donderdag 22 september 2016

Nicci 109

The dull retro era started in 1989 and it seemed to go on forever. Then, all of a sudden there was a new wave in frame design. It was a great relief to me when the black hipster frames took over in 2009. The style is believed to derive from old photos of the legendary pop singer Buddy Holly (b. 1936 - d. 1959) that created a sudden hype on the social media. A whole new generation went searching for frames in the Buddy Holly style. Several brands saw the potential and started producing black, solid unisex hipster frames. Very soon the streets were full of girls (brunettes but especially blondes) sporting the new style. Many girls did not need glasses at all but they simply enjoyed wearing black hipster frames with plano lenses. There was very little variation within the new style if you compare it with the rich diversity in design during the 1970's and 1980's but anything was better than the retro style so I was not complaining :).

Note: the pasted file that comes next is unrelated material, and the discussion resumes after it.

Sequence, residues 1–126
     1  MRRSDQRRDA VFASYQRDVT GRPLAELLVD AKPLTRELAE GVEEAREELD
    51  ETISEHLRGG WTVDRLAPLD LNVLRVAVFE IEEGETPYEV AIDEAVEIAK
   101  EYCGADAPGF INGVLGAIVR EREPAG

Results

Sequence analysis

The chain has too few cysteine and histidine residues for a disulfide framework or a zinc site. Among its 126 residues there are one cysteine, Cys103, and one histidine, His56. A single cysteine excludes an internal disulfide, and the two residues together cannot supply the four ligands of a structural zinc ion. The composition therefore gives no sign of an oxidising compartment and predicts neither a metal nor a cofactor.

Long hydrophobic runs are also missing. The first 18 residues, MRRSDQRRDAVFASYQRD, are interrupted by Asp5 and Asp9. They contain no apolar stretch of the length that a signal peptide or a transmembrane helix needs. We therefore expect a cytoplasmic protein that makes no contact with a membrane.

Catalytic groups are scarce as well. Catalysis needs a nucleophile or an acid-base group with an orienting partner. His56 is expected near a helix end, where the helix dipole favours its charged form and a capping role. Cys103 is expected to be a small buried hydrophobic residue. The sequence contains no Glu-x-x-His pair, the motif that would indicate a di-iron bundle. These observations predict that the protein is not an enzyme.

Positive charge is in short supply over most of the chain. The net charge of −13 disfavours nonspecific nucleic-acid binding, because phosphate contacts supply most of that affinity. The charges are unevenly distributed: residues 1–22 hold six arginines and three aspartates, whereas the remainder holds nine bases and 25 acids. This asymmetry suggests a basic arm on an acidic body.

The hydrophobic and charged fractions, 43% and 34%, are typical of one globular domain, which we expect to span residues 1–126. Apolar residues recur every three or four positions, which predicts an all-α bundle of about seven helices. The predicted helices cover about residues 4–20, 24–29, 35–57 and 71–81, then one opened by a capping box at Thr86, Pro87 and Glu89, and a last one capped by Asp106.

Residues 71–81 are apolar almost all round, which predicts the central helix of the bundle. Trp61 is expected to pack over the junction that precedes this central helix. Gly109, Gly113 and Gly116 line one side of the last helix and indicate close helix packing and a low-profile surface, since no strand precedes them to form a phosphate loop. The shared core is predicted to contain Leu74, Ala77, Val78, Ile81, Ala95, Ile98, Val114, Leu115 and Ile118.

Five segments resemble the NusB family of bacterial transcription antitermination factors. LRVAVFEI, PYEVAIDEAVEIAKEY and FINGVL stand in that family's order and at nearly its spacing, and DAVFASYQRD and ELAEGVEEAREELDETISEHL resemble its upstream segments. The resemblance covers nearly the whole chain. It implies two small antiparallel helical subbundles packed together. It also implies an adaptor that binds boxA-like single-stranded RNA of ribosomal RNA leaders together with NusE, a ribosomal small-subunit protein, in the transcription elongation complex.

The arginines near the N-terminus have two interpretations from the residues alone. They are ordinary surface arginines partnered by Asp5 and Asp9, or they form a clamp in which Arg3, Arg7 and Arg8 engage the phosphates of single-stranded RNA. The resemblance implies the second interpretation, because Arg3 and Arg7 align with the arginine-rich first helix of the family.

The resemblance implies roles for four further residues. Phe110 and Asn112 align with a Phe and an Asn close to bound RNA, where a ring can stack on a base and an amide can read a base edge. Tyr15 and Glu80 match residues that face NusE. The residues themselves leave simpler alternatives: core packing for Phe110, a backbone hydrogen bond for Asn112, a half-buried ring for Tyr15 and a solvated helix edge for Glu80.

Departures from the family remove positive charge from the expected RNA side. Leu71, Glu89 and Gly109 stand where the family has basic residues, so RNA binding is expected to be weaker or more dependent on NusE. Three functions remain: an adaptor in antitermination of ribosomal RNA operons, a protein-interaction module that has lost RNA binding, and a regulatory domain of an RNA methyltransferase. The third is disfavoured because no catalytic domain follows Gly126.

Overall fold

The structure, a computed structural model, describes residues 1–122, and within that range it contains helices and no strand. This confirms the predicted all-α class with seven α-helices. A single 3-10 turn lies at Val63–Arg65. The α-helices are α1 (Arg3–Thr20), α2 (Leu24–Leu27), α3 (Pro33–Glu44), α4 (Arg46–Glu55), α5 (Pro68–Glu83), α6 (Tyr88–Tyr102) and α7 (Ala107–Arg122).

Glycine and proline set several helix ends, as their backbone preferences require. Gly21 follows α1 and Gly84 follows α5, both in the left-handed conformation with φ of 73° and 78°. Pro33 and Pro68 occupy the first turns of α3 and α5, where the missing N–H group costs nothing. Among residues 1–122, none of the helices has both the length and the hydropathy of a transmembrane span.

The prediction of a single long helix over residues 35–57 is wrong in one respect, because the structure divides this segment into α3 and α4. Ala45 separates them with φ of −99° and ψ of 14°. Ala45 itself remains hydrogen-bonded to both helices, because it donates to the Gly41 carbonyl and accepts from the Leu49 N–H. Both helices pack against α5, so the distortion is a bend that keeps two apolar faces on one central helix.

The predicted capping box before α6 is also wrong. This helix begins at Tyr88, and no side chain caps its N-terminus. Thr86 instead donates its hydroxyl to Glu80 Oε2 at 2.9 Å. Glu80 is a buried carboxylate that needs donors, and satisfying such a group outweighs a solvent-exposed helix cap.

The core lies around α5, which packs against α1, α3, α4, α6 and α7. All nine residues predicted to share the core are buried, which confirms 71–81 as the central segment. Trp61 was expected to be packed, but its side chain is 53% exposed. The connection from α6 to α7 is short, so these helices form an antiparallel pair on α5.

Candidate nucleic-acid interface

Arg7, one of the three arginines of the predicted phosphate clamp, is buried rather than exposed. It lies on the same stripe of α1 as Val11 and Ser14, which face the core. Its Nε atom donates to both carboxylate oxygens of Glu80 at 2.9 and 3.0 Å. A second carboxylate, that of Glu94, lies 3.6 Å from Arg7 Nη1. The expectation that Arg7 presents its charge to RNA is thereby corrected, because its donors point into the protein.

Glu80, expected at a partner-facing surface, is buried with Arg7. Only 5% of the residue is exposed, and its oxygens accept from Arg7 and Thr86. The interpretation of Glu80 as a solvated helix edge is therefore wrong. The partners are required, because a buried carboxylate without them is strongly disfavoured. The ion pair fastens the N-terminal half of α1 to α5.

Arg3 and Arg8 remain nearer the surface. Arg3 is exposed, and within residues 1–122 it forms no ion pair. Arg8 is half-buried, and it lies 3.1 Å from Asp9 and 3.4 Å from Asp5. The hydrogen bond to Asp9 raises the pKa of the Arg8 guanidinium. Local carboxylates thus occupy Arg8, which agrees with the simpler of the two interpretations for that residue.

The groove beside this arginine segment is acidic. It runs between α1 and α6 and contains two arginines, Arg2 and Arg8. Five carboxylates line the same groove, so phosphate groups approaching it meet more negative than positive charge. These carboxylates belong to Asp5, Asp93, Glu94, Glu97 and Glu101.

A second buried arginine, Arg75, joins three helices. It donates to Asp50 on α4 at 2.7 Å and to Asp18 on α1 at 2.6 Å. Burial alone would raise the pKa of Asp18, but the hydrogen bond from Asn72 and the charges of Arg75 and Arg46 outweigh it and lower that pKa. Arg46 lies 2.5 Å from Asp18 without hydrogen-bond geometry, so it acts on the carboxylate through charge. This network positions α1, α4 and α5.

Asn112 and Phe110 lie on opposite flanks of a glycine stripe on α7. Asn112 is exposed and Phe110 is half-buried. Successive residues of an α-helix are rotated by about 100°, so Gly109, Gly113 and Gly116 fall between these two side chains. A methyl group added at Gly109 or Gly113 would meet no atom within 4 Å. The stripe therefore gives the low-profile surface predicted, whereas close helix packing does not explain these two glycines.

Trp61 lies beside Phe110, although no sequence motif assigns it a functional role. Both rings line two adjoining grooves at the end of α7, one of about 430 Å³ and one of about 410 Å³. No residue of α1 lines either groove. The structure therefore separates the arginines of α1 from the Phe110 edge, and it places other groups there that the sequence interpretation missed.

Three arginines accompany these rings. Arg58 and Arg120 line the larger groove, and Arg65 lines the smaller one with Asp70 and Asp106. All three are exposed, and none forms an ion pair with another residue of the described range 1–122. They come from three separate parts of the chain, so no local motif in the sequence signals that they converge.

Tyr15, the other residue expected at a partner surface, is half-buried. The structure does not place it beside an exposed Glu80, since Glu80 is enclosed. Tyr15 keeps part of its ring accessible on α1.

Given this shock wave in 2009, it's highly remarkable that Zenni came up with the massive frame shown here by Nicci. It's a hybrid style, combining the solid arms of the new wave with the floating lens which was one of the few attractive novelties introduced during the final part of the retro era. Lens thickness at the sides is a full centimeter, effectively barring the view of the model's eyes "en profil". Thick lenses were the standard throughout the 1970's and 1980's. Everybody was in the same boat and the alternative of contact lenses was widely available for high myopic girls who disliked their glasses, so nobody was complaining. Nowadays, the talk is all about coke bottle glasses and opticians make a fortune selling ever higher index lenses for astronomic prices. These high index lenses are only bought for aesthetic reasons. In reality, the old fashioned standard lenses give the wearer better eyesight as there is less peripheral distortion. Trends created by the contemporary dictate that all young people have to be perfect in every respect. In my view, there is nothing wrong with "perfect imperfection" which makes one stand out between the peer group. This is one of the reasons why I order all modern frames fitted with standard 1.57 lenses.

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